Our affiliated broker-dealer, Buckler Securities, allows us to capture low-cost overnight funding during the year-end turn. This was an excellent alternative to the considerably higher priced longer-term repo available elsewhere in the funding markets. The positives of having our affiliate Buckler for funding activities become stronger every quarter. During Q1 of 2020, we called all 210 million of our Series B Preferreds with a 7 7/8 coupon.

Between January 28th and February 14th of this year, we issued a fixed-fixed 7% Series C Preferred issue with total net proceeds of $113.4 million or 54% of the amount we called in the Series B issue. The reason we replaced just 54% of the Series B with Series C is because spreads in our investible asset classes had recently tightened and appeared moderately -- modestly less attractive than they'd been in the middle of Q4 2019, a time when we were increasing our exposure. However, instead of selling mortgage assets due to our slightly smaller capital base from the Series B call, we maintain the vast majority of assets we already had on the balance sheet associated with the Series B capital. These assets purchased in a wider spread environment are providing a nice breeze for earnings.

As opportunities for investments avail themselves, we can issue more preferred fees to increase capital. Whenever we can invest at a leverage yield exceeding the cost of the preferred, the net result is accretive to earnings for our common stock shareholders. Our new 7% fixed coupon makes that a relatively modest goal. Over the next couple of quarters, we expect the fed to keep the fed funds rate steady, providing us with very attractive funding rates.

We also expect the yield curve to maintain its recent trading range. We believe this environment should play out very well for our shareholders who wish to see consistent earnings and low book value volatility. Operator, that concludes our prepared remarks, we'll now take any questions.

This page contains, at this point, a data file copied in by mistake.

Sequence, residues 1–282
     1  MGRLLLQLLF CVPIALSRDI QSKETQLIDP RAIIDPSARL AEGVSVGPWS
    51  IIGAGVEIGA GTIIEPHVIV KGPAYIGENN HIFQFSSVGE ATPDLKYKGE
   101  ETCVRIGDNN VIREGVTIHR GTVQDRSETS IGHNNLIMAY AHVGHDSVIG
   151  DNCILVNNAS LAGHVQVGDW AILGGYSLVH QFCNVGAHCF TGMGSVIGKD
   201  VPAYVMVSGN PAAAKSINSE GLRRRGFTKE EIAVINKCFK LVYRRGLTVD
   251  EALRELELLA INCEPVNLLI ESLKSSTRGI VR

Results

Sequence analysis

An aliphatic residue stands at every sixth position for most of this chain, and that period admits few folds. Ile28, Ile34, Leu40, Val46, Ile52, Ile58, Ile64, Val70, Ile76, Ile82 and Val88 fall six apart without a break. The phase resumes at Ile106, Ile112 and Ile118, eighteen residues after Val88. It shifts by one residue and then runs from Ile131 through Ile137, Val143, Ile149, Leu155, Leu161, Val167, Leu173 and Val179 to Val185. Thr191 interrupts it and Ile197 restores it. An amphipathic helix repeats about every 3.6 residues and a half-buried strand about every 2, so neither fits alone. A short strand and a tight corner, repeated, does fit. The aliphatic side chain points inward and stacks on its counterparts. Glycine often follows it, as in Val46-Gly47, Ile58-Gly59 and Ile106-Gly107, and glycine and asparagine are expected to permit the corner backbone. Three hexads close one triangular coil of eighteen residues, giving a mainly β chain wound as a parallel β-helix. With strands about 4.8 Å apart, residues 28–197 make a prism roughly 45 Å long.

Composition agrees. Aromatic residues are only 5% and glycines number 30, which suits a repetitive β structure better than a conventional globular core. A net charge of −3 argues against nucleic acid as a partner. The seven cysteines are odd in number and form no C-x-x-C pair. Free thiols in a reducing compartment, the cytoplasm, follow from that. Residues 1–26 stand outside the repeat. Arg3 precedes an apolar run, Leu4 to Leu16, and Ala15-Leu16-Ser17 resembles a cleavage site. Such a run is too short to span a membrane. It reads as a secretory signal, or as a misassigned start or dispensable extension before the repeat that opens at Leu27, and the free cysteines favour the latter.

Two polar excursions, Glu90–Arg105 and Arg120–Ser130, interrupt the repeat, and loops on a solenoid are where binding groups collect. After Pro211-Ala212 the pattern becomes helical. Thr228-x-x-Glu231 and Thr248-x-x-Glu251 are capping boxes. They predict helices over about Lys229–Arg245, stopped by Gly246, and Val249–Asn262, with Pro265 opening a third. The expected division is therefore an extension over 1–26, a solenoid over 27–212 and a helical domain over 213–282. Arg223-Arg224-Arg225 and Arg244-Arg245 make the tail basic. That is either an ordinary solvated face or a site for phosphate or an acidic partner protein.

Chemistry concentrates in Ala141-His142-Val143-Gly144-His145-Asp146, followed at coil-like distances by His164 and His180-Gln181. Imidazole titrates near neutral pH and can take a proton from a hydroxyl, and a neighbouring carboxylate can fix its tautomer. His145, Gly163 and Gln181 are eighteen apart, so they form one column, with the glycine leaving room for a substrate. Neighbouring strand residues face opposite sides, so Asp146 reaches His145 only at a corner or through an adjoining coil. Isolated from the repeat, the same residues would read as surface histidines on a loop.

Questions & Answers:

Operator

Thank you. [Operator instructions] Our first question comes from the line of Douglas Harter with Credit Suisse. Please proceed.

Doug Harter -- Credit Suisse -- Analyst

Thanks. Just one of those last points you made about kind of the timing to issue more of the preferred. Can you talk about, as January and February have unfolded? How yields have performed and kind of how you see the attractiveness of the investment opportunity today versus a kind of when you were doing the preferred issuance?

Jeff Zimmer -- Co-Chief Executive Officer

Hey, good morning, Doug, its Jeffrey here. So couple of things on the preferred. I believe you would be aware when you do an initial underwriting on the preferred; you're paying a full underwriting fee of approximately 3.15%. So internally, we thought it would be more cost-effective for our shareholders to just issue 75 million of that issue and then as we saw some opportunities to do at the markets, which we spend about 1% issuing, we did as you can see subsequently after the initial 75 million-plus issue -- issue another $30 million worth.

Spreads are tighter now than they were in the fourth quarter as David just discussed. And we're not aggressively adding to the portfolio right now. I might note, there has been a lot of discussion about what's going on in the DUS market, and I think it's a good time to bring that up and probably answer some of your questions. As you know, some people engineered and there has been DUS resecuritizations where you've been selling at the money par coupon pass-through and keeping the IO.

We have reverse engineered this numbers of times and recently actually sold some DUS to a reverse inquiry from a broker-dealer who then subsequently went ahead and did a deal. Having looked at all the numbers on that, we felt we were better off selling some of that. So by not issuing the $210 million a full B shares with the new Series C shares, it's given us some flexibility to take advantage of areas that are tighter. And when things loosen up a little bit, we can sell some stuff, and make some dry powder or issue some more Series C to go ahead and buy some assets.

Doug Harter -- Credit Suisse -- Analyst

That makes sense. Thank you, Jeff. You could just sort of help with the thought process of that you went through between kind of reducing the balance sheet in terms of assets versus when you redeemed it. When you issued the new -- why not just kind of reduce the balance sheet, kind of just the thought process there.

If your thought spreads were a little bit less attractive than they had previously been?

Jeff Zimmer -- Co-Chief Executive Officer

Maybe less attractive to invest in at that moment in time, but maybe not completely attractive enough to start selling assets. So as you can see are actually leverages down at the end of the year. And if you look at the January numbers is just slightly back up. If you look at the numbers at the end of February, which we will go ahead and release in mid-March, you'll see the leverage is up a little bit because of course, we didn't back hold the whole Series B fulfillment.